February 18, 2022
SEOUL – The official campaigning period for the upcoming presidential election kicked off Tuesday, with most candidates heading to traditional markets on the first day. One of the pledges made at these stumps over the past several elections has been revitalization of traditional markets, a pledge clearly aimed at the merchants.
Before the onslaught of mass retailers, traditional markets were crowded day and night, humming with vibrant energy.
Today, many neighborhood taditional markets struggle to survive as shoppers shun them in favor of discount retailers and larger supermarkets. Often it is the aroma of the traditional markets‘ eateries that beckon people to visit.
Around Gongdeok Station exit 5, you will notice an array of stores and a sign with a tiny portrait of an old lady. A sign which reads, “Mapo Grandma’s Bindaetteok” marks the entrance to the well-known Buchimgae Alley of the Gongdeok Market.
Gongdeok Market‘s jeon (Korean fried pancakes), also referred to as buchimgae, trace their roots back to the 1980s.
On display at the stands of the jeon eateries are over 50 kinds of colorful jeon and fried finger foods which are cooked each morning. Consisting of vegetables, seafood and meat, they are neatly stacked in rows.
The unique charm of jeon spots at the market is that customers can pick and choose different types of jeon into a basket. They are priced according to weight, but a small basket of jeon usually costs at around 7,000 won, and a large one 14,000 won.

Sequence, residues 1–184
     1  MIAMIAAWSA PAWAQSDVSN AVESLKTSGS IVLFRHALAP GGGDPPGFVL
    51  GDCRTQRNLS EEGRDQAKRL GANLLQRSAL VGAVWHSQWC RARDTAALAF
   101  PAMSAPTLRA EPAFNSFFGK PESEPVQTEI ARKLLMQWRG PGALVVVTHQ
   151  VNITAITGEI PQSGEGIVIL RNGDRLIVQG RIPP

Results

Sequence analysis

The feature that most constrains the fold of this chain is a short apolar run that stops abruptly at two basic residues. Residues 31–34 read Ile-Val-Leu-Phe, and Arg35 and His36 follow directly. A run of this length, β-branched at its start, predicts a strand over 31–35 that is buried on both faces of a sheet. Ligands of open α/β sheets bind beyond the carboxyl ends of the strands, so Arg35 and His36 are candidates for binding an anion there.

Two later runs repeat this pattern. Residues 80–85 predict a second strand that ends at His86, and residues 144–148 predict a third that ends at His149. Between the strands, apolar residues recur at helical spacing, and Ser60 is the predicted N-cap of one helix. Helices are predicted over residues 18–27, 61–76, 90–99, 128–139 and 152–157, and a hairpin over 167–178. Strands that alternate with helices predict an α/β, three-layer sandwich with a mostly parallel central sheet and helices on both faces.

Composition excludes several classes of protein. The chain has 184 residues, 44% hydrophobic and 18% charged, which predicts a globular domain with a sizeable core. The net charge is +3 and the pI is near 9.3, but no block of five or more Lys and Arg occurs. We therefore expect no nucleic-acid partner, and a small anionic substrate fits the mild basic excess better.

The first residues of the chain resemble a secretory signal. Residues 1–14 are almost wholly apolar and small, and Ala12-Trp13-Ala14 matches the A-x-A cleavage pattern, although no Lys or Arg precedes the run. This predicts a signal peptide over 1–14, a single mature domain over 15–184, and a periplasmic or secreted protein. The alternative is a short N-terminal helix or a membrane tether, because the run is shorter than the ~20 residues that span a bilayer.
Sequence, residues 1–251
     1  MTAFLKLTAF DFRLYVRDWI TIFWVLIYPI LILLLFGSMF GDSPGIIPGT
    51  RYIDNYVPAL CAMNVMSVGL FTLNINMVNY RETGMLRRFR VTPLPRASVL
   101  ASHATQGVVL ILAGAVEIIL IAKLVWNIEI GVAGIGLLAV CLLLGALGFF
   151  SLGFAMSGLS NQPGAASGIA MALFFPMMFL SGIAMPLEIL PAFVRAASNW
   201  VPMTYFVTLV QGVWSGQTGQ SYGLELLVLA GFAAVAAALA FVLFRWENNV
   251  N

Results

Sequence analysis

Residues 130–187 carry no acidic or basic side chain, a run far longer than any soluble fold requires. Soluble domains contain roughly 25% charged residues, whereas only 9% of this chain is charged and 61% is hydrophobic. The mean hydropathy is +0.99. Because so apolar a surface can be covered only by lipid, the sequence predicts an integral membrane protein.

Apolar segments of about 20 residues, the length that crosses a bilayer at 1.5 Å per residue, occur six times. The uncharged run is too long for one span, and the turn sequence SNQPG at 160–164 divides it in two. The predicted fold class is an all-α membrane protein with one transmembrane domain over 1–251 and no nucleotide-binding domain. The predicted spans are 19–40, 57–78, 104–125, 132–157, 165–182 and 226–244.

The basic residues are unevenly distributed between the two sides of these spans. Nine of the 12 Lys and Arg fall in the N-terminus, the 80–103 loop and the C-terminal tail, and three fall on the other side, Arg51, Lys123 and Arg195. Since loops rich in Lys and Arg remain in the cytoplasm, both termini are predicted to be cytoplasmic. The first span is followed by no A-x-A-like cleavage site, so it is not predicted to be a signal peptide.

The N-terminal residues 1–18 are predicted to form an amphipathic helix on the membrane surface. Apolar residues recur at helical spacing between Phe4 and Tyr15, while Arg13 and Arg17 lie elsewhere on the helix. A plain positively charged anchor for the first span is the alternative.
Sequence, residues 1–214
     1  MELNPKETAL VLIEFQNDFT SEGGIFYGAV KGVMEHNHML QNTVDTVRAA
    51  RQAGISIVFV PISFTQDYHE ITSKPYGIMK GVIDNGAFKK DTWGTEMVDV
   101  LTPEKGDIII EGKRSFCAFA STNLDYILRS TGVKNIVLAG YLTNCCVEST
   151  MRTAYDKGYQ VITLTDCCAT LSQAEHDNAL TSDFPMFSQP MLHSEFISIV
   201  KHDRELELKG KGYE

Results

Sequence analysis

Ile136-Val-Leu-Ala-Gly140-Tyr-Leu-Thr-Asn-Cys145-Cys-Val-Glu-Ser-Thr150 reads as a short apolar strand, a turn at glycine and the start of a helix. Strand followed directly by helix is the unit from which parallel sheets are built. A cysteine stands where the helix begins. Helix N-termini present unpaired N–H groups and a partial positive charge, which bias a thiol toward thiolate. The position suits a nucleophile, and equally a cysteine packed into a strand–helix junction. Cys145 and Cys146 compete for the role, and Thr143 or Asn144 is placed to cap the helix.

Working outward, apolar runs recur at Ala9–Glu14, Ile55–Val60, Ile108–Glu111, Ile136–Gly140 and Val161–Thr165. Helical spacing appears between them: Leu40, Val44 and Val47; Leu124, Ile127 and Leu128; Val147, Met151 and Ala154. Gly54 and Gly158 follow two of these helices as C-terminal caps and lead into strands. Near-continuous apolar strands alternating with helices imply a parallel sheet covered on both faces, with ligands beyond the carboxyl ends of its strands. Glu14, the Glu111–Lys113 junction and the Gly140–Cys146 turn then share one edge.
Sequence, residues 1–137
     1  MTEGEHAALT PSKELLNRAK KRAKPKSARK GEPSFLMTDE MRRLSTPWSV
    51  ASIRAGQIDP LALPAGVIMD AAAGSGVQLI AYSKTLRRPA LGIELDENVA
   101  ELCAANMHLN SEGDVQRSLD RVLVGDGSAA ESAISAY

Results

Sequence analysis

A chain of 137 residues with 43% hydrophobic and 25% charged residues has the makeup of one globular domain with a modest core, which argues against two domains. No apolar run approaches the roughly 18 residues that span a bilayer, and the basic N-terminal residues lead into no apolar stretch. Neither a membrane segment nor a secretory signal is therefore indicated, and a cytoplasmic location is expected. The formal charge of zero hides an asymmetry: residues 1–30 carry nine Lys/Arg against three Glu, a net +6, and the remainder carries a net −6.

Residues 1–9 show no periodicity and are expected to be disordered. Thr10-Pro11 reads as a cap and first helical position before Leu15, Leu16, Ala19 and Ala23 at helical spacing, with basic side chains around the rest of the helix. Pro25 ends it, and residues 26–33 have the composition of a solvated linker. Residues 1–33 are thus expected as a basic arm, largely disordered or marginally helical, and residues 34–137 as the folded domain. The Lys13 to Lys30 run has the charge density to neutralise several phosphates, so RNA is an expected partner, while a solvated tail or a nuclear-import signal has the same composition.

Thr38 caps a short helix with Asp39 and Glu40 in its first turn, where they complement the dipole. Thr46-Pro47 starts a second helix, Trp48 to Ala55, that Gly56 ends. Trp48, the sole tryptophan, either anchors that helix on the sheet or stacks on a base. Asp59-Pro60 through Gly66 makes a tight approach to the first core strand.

For thirsty souls, Gongdeok makgeolli, a type of traditional rice wine, is on standby at all jeon eateries. Unlike most Korean makgeolli breweries that are located outside Seoul, Gongdeok makgeolli is made in Daeheung-dong, only a few minutes away from the market.
On a weekday afternoon, a man in his 60s reminisced about cheerful days at the market. “No one would believe how crowded this place was a few years before the pandemic. Not even the regulars seem to come these days,” the man said.
When asked how he feels about Buchimgae Alley’s continued strong presence, the man smiled as he pointed to the end of the alley.
“At the shops in front, you have the fun of picking what you want, straight from the counter. There on your left is another smaller place that makes fresh jeon the minute you order. Only Mapo people and people in the know go there.”
Leading up to the end of the path is a red sign that reads, “40-year family tradition, Kaesong-style buchimgae” for Moisae Buchimgae. The sign has a portrait of a man who appears to be the owner.
Walking in to order medium-sized modeumjeon (assorted jeon), I am greeted by the owner, who casually offers a bottle of Gongdeok makgeolli to down with the jeon.
Kaesong-style buchimgae are not as well known as other North Korean dishes such as mandu and naengmyeon, which vary according to region.
Moisae Buchimgae’s jeon are made upon receiving an order, and take some 15 minutes to be served. The jeon did not have a particularly sharp flavor or strong aroma, but the texture was less crispy and much softer compared to those at neighboring jeon stores.
“My parents are from Kaesong, so I grew up having their style of buchimgae and manduguk (dumpling soup),” Park Jeong-hwan, owner of the Moisae Buchimgae, said. “The difference I can tell you is that we add tofu in the stuffing of our signature dongeurangtaeng (meatball-like jeon). My mother-in-law is a farmer, so we also get fresh ingredients from her from Gyeonggi Province.”
A dish of modeumjeon ranges in price from 17,000 won to 55,000 won depending on its size, and mandu jeongol (dumpling hot pot) is 25,000 won to 35,000 won. The place quickly fills up after 6 p.m, since the market is adjacent to large office buildings.
Although some stay open on weekends, most jeon eateries of Gongdeok Market are open five days a week, including Moisae Buchimgae.